Second Circuit Scrutinizes ‘Statement Against Interest’ Hearsay Exception for Codefendant’s Confession
In United States v. Ojudun, the Second Circuit (Katzmann, Kearse, Meyer by designation) vacated the revocation of Oluwole Ojudun’s supervised release, finding that the District Court improperly admitted the confession of Ojudun’s codefendant under the statement against interest hearsay exception.
United States v. Gill, No. 15-4444-cr(L) (Livingston, Chin, Carney), a decision in a drug trafficking and murder conspiracy appeal, offers several interesting rulings on evidentiary and trial practice issues that arose out of a 4-week trial. As we often see, these decisions may originate in the world of violence crime and narcotics, but the legal rules established in these cases will also apply in the world of business crimes.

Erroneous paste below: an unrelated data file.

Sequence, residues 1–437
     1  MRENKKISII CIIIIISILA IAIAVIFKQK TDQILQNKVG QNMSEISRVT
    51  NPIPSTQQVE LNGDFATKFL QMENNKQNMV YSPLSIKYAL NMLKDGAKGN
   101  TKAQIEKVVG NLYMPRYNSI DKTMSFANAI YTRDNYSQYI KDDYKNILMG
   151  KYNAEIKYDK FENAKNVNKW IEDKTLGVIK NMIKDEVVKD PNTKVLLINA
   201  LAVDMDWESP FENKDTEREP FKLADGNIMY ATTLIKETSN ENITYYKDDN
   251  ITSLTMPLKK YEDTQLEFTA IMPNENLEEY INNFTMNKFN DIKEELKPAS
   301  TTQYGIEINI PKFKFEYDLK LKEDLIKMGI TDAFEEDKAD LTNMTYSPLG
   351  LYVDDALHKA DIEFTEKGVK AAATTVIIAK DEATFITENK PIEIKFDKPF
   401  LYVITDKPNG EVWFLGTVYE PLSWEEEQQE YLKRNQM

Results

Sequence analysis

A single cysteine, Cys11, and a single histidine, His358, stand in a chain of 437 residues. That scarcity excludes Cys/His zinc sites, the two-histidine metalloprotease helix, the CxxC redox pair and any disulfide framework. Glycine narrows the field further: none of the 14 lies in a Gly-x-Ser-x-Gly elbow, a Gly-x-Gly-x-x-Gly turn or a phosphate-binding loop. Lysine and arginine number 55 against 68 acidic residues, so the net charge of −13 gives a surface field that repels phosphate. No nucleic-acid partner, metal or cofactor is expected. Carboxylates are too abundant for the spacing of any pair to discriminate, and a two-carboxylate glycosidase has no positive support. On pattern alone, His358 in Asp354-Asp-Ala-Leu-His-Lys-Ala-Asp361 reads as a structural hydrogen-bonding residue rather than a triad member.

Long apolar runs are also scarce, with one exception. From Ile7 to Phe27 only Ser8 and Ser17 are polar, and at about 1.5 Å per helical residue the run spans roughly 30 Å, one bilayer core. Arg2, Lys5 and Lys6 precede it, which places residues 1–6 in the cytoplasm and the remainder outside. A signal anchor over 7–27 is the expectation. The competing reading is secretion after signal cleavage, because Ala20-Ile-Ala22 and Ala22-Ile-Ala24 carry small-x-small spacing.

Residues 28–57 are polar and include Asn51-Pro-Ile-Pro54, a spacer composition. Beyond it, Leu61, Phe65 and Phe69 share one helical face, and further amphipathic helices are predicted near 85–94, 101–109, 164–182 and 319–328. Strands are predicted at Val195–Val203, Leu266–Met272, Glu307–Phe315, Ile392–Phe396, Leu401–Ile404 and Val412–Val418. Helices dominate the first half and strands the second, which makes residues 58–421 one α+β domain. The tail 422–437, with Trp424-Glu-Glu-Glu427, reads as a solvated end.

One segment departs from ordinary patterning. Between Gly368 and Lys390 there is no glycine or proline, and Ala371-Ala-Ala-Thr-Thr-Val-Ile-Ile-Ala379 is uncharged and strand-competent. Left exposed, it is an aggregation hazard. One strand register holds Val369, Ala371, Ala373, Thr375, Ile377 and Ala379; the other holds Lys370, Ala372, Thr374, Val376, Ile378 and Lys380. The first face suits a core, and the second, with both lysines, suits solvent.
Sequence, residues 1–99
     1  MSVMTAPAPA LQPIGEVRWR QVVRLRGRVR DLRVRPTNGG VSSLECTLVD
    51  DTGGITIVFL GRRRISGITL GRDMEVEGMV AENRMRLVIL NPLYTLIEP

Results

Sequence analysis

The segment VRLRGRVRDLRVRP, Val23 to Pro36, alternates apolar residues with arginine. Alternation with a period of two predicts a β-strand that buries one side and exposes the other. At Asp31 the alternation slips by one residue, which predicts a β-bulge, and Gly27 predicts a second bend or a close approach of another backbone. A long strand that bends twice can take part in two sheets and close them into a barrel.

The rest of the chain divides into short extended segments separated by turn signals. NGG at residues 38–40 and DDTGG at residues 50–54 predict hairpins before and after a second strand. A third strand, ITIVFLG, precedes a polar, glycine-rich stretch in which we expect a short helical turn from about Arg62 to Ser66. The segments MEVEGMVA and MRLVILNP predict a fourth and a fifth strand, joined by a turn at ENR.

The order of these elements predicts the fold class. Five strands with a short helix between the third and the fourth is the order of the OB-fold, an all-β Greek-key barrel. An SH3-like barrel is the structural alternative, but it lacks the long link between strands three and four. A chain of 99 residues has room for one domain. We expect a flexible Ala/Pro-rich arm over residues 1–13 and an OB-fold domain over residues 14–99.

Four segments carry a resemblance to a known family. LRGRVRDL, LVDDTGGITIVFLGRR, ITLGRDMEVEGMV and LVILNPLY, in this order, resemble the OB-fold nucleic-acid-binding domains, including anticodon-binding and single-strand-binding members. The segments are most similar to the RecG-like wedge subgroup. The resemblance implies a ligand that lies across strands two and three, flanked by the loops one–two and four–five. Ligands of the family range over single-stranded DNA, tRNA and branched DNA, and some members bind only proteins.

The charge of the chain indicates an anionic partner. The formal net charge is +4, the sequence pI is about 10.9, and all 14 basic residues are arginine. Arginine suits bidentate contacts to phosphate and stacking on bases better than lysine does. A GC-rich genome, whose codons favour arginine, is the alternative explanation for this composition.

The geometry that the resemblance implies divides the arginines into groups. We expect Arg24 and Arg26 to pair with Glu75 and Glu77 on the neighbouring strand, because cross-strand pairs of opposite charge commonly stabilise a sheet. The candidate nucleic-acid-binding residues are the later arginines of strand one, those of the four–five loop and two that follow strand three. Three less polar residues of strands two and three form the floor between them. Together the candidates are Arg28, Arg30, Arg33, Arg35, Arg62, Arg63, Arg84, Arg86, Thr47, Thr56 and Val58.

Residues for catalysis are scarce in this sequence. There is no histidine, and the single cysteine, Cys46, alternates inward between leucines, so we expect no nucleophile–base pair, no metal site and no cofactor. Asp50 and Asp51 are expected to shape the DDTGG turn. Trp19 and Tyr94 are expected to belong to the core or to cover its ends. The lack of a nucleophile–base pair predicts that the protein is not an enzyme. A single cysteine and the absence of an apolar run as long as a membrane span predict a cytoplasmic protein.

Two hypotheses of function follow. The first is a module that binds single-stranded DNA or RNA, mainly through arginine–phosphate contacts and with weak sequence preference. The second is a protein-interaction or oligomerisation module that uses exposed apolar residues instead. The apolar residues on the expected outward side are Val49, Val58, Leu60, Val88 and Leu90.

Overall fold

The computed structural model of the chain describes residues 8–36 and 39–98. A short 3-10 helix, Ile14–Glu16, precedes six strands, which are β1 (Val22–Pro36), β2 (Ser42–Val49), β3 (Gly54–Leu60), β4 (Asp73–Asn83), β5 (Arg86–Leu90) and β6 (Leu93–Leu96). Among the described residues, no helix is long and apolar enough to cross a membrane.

In United States v. Martinez, Nos. 14-2759, 15-511, 15-836, 15-1001, 15-3699 (Kearse, Jacobs, Pooler), issued on July 7, the Second Circuit affirmed the convictions of several co-conspirators in a decade-long scheme where at least two dozen individuals allegedly committed over 200 drug robberies by impersonating police officers who “arrested” drug traffickers and “seized” cash and drugs.